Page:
What are the benefits of working on a play written by another actor?

'Nicola understands all the problems we can have with dialogue. Often people in plays speak in non-sequiturs and you, as the actor, have to wrestle with the lines to make them work. That was not the case with Maurice’s Jubilee. The three of us got on very well. I’ve known Sheila for fifty years and we’ve worked together a couple of times, but I’d never worked with Nichola until now. There were a few arguments in rehearsals but nobody stormed out. We’d sometimes ask Nichola what she meant by a word or a sentence and if she’d be happy if we re-phrased it. It was all wonderfully cooperative.'

Julian may have reached his late seventies but he retains the vigour, the energy and the incisiveness which have made him a leading actor for more than fifty years. His height and commanding presence have often cast him in unsympathetic roles, characters he describes as 'good and bad villains.' Despite his long years in the profession, Julian has not become any more tolerant of those periods of unemployment that must be a feature of most actors’ lives. There is certainly no thought of retirement.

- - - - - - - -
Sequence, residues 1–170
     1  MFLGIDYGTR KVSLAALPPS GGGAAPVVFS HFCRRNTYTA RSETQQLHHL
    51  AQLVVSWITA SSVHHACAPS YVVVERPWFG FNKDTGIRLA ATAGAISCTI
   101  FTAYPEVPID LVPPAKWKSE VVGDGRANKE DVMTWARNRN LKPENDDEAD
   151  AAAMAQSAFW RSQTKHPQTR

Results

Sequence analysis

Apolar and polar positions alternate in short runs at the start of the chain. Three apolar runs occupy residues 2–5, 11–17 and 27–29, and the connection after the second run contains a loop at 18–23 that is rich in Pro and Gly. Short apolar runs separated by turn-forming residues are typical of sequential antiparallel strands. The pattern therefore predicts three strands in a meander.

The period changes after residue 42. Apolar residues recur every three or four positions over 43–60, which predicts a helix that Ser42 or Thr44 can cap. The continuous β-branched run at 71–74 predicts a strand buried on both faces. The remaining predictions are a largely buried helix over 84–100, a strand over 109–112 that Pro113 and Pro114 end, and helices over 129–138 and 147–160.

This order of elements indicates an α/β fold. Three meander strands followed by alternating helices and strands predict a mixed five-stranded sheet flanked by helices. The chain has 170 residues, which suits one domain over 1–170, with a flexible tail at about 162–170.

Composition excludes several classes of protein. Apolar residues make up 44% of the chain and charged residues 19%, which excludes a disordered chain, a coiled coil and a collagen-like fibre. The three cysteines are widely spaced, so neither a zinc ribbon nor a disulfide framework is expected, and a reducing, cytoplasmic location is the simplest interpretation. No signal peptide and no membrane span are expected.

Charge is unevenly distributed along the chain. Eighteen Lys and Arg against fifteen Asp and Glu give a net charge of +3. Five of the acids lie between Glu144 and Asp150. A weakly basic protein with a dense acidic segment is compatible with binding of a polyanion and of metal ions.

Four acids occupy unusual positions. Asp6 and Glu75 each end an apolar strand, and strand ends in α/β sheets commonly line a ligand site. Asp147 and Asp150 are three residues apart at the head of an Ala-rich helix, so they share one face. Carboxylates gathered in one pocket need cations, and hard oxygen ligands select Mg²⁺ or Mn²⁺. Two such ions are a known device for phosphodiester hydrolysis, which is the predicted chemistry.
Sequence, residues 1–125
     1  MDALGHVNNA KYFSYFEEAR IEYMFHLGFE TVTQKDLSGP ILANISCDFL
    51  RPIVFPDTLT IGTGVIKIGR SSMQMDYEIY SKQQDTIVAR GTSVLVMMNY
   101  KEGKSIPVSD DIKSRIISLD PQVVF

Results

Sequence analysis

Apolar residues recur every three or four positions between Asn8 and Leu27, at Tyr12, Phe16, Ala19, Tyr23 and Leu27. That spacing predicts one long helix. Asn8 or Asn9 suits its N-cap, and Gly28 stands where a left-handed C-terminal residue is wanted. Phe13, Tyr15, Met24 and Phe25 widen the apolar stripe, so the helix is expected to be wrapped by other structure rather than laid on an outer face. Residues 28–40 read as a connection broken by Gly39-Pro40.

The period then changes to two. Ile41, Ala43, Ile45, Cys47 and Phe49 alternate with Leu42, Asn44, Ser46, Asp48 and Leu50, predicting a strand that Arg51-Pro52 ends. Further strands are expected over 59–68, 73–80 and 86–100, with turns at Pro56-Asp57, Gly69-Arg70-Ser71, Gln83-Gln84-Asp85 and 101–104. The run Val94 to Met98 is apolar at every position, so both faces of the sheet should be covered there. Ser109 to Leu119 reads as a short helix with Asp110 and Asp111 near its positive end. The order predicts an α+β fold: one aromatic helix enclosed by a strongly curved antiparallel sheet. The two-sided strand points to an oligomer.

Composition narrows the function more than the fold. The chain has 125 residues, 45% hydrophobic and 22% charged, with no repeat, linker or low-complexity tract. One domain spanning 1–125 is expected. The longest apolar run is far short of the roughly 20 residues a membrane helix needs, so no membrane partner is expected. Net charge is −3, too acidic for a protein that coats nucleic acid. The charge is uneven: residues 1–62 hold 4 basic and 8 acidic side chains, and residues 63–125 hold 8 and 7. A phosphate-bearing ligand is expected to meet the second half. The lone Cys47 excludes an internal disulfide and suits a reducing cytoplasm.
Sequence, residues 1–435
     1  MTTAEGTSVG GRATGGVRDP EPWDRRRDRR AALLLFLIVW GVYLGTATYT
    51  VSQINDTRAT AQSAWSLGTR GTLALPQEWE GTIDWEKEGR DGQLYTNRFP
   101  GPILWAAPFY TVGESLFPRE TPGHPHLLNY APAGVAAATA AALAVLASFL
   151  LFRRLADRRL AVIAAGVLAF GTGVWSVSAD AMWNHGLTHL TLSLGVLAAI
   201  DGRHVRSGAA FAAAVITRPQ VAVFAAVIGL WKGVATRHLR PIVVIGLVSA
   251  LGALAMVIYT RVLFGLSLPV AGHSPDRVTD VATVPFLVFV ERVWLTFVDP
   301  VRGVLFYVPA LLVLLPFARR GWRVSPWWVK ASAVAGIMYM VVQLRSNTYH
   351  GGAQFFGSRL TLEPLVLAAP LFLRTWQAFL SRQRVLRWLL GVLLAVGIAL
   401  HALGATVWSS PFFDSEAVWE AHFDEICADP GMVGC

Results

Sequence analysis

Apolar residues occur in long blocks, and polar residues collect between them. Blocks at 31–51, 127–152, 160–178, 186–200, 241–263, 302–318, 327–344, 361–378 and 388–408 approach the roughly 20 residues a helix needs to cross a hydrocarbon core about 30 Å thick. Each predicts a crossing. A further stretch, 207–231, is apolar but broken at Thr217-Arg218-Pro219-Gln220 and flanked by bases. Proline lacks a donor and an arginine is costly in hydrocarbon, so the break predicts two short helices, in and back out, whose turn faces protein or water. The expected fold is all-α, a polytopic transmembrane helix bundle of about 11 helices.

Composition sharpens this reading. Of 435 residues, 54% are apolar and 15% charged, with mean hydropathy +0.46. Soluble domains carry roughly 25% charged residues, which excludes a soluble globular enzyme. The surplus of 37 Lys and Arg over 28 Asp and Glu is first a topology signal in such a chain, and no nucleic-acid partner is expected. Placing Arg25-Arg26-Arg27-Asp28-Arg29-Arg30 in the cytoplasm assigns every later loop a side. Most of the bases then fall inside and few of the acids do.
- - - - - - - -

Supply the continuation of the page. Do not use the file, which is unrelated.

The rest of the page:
'I have to work,' he says simply. 'And at the moment, I have the next series of Game of Thrones to keep me going. So far, I have been really lucky with my voice. It still has great strength and I haven’t developed any old man’s quaver. I’d love to play Coriolanus, although I’m much too old. When I played Aufidius to Alan Howard’s Coriolanus, my little boy Jamie played the son and now he’s forty-three! I’d also like to play Lear again- perhaps when I’m eighty which is his age in the play. When I played the part before, I was a mere sixty-six. I’m not good at being out of work, Isla says my head drops. I think that acting must be a kind of need for me. I have to do it.'

Julian has an enormous range of credits, moving from Classical work at Stratford and Shakespeare’s Globe to prominent roles in the Star Wars, James Bond and Indiana Jones franchises. Yet the public only knows the face- the name often escapes them. Yet Julian seems happy with this situation.

'I’m not a Gambon or a McKellen but I do have a good position,' he explains. 'Stars have to put up with so much that is intrusive. Robert Pattinson lives locally and he can hardly come out of his house. I got to know Charlton Heston very well when we were working together and I remember booking a table for us in an Italian restaurant with Charlton facing the wall. But even then a waiter had to ask for his autograph.'

Julian has often worked on location on films financed by Hollywood. Has he never been tempted to try his luck in Tinseltown?

'In Indiana Jones and the Last Crusade, I played an American and Spielberg said to me that I’d get lots of offers of work in the US because my accent was so perfect. I’m still waiting! On the other hand, I’ve seen so many people come back from the States with their tails between their legs. I think I prefer it when members of the public come up to me in the street and say to me- you are, aren’t you? It means that you’re still in the public eye.'